Bristol Myers Squibb Withdraws Supplemental Biologics License Application (sBLA) for Reblozyl® (luspatercept-aamt) for Non-transfusion Dependent (NTD) Beta Thalassemia
- Category: Antibodies
- Published on Saturday, 04 June 2022 14:34
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PRINCETON, NJ, USA I June 03, 2022 IBristol Myers Squibb (NYSE: BMY) today announced that the company has withdrawn a supplemental biologics license application (sBLA) for Reblozyl® (luspatercept-aamt) for the treatment of anemia in adults with non-transfusion dependent (NTD) beta thalassemia. The Company could not appropriately address the U.S. Food and Drug Administration’s questions about the benefit-risk profile of Reblozyl in this patient population based on the current dataset from the Phase 2 BEYOND trial.
“While we will not pursue this indication in the U.S., we’re continuing to evaluate Reblozyl in a broad clinical development program to bring this important therapeutic option to more patients living with the burden of anemia,” said Noah Berkowitz, M.D., Ph.D., senior vice president, Hematology Development, Bristol Myers Squibb.
Reblozyl, a first-in-class therapeutic option, is currently approved in the United States, European Union and Canada to address transfusion-dependent anemia-associated beta thalassemia and lower-risk myelodysplastic syndromes.
BEYOND (NCT03342404) is a Phase 2, double-blind, randomized, placebo-controlled, multicenter study to determine the efficacy and safety of luspatercept-aamt (ACE-536) versus placebo in adults with non-transfusion dependent beta thalassemia. The study is divided into the screening period, double-blind treatment period (DBTP) and post-treatment follow-up period (PTFP) and randomized 145 subjects at a 2:1 ratio of Reblozyl versus placebo. All patients were eligible to receive best supportive care, which included red blood cell transfusions; iron-chelating agents; use of antibiotic, antiviral, and antifungal therapy; and/or nutritional support, as needed. The primary endpoint of the study is the proportion of subjects who have an increase from baseline ≥1.0 g/dL in mean of hemoglobin values over a continuous 12-week interval from Week 13 to Week 24 of treatment in the absence of transfusions. Key secondary endpoints include mean change in non-transfusion dependent beta thalassemia-patient reported outcome (NTDT-PRO) Tiredness and Weakness (TW) domain score and baseline hemoglobin (Hb).
About Beta Thalassemia
Beta thalassemia is an inherited blood disorder caused by a genetic defect in hemoglobin. It is one of the most common autosomal recessive disorders, and the total annual incidence of symptomatic individuals is estimated at 1 in 100,000 people globally.1 While beta thalassemia remains a rare disease, its prevalence has increased in the United States by approximately 7.5% over the last 50 years.2 The disease is associated with ineffective erythropoiesis, which results in the production of fewer and less healthy red blood cells (RBCs), often leading to severe anemia—a condition that can be debilitating and can lead to other complications for patients—as well as other serious health issues.3 Treatment options for anemia associated with beta thalassemia are limited, consisting mainly of frequent RBC transfusions that have the potential to contribute to iron overload, which can cause serious complications such as organ damage.1 Non-transfusion dependent beta thalassemia is a term used to describe patients who do not require lifelong regular transfusions for survival, although they may experience a range of clinical complications and require occasional or even frequent transfusions, usually for defined periods of time.4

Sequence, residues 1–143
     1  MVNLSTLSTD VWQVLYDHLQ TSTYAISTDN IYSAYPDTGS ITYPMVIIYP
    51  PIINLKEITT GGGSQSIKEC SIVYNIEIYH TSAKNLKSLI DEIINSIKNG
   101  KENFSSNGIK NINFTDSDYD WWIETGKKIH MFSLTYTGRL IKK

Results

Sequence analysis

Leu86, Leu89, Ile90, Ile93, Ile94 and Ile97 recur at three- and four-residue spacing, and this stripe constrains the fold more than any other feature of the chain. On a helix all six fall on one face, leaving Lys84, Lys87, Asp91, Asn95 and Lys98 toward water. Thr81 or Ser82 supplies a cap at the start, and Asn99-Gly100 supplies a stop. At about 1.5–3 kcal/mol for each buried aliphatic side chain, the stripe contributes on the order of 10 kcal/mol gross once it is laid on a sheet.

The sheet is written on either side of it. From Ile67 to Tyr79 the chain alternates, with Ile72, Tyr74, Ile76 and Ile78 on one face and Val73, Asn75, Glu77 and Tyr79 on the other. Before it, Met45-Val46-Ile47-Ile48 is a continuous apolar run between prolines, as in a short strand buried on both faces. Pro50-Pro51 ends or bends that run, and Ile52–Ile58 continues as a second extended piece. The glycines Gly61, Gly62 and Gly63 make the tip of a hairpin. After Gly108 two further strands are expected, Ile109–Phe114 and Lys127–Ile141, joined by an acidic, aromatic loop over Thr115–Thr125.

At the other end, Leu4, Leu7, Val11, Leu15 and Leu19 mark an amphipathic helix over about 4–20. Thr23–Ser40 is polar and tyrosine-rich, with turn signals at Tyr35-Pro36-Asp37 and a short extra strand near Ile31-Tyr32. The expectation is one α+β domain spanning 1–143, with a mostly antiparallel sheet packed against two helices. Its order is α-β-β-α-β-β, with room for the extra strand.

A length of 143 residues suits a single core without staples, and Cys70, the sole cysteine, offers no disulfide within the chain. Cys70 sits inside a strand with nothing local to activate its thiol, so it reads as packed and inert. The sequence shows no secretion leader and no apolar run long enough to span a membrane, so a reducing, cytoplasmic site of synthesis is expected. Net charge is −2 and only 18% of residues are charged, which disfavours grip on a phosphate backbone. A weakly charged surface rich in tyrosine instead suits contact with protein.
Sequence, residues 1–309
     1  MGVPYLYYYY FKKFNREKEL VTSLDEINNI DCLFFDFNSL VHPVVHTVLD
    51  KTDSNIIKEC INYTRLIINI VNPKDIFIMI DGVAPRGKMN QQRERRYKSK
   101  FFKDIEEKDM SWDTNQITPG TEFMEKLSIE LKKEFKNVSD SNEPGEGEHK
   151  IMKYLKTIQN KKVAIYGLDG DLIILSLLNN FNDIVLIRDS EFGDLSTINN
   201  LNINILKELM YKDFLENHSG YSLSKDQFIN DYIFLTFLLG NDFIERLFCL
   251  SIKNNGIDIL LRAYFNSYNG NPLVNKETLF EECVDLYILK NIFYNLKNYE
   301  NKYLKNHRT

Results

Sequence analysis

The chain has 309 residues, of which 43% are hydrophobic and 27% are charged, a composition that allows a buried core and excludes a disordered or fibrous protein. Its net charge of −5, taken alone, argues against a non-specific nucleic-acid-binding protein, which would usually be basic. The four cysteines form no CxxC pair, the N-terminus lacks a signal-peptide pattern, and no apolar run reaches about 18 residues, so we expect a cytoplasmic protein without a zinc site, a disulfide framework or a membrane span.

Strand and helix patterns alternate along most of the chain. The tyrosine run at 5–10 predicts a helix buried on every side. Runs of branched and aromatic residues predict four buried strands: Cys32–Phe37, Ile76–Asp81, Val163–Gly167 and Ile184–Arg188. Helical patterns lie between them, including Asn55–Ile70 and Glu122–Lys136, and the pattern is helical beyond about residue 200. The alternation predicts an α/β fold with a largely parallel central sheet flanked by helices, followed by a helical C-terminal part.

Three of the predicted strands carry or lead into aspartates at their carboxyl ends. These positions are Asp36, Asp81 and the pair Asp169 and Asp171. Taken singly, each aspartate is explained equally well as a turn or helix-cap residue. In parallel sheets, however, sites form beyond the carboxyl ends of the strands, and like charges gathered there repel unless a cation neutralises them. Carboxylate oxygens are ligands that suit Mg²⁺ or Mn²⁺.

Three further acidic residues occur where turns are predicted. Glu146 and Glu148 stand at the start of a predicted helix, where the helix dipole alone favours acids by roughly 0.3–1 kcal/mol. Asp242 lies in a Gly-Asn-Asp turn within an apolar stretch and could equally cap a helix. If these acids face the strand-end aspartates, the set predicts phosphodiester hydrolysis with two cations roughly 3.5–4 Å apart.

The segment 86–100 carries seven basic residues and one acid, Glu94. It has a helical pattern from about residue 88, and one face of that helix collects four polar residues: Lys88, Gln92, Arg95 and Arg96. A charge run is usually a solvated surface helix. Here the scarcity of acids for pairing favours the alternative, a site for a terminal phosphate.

Reblozyl, a first-in-class therapeutic option, promotes late-stage red blood cell maturation in animal models.1 Reblozyl is being developed and commercialized through a global collaboration with Merck following Merck’s acquisition of Acceleron Pharma, Inc. in November 2021. Reblozyl is currently approved in the U.S. for the treatment of:
- anemia in adult patients with beta thalassemia who require regular red blood cell transfusions, and
- anemia failing an erythropoiesis stimulating agent and requiring 2 or more red blood cell units over 8 weeks in adult patients with very low- to intermediate-risk myelodysplastic syndrome with ring sideroblasts (MDS-RS) or with myelodysplastic/myeloproliferative neoplasm with ring sideroblasts and thrombocytosis (MDS/MPN-RS-T).
Reblozyl is not indicated for use as a substitute for red blood cell transfusions in patients who require immediate correction of anemia.
Please see full Prescribing Information for REBLOZYL.
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- Galanello R, Origa R. Beta thalassemia. Orphanet Journal of Rare Diseases. 2010;5(11). Available at: https://ojrd.biomedcentral.com/articles/10.1186/1750-1172-5-11. Accessed February 2022.
- Kattamis, A., Forni, G. L., Aydinok, Y., Viprakasit, V. (2020). Changing patterns in the epidemiology of β-thalassemia. Available at: https://onlinelibrary.wiley.com/doi/full/10.1111/ejh.13512. Accessed February 2022.
- Rivella, S. (2013). Ineffective erythropoiesis and thalassemias. Available at: https://www.ncbi.nlm.nih.gov/pmc/articles/PMC3703923/pdf/nihms-490109.pdf. Accessed February 2022.
- Musallam, K. M., Rivella, S., Vichinsky, E., & Rachmilewitz, E. A. (2013). Non-transfusion-dependent thalassemias. Haematologica, 98(6), 833–844. https://doi.org/10.3324/haematol.2012.066845. Accessed February 2022.